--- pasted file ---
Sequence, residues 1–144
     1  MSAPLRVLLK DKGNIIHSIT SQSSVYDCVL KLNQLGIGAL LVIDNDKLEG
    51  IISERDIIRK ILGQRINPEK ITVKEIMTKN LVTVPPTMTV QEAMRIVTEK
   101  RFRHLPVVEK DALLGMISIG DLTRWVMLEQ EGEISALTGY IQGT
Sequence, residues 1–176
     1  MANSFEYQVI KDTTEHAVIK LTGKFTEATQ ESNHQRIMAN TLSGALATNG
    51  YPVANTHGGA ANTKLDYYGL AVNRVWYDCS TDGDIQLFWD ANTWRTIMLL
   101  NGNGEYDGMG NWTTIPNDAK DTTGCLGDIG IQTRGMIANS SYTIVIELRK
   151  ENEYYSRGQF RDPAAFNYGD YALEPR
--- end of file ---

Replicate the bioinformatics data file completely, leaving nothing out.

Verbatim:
Sequence, residues 1–144
     1  MSAPLRVLLK DKGNIIHSIT SQSSVYDCVL KLNQLGIGAL LVIDNDKLEG
    51  IISERDIIRK ILGQRINPEK ITVKEIMTKN LVTVPPTMTV QEAMRIVTEK
   101  RFRHLPVVEK DALLGMISIG DLTRWVMLEQ EGEISALTGY IQGT
Sequence, residues 1–176
     1  MANSFEYQVI KDTTEHAVIK LTGKFTEATQ ESNHQRIMAN TLSGALATNG
    51  YPVANTHGGA ANTKLDYYGL AVNRVWYDCS TDGDIQLFWD ANTWRTIMLL
   101  NGNGEYDGMG NWTTIPNDAK DTTGCLGDIG IQTRGMIANS SYTIVIELRK
   151  ENEYYSRGQF RDPAAFNYGD YALEPR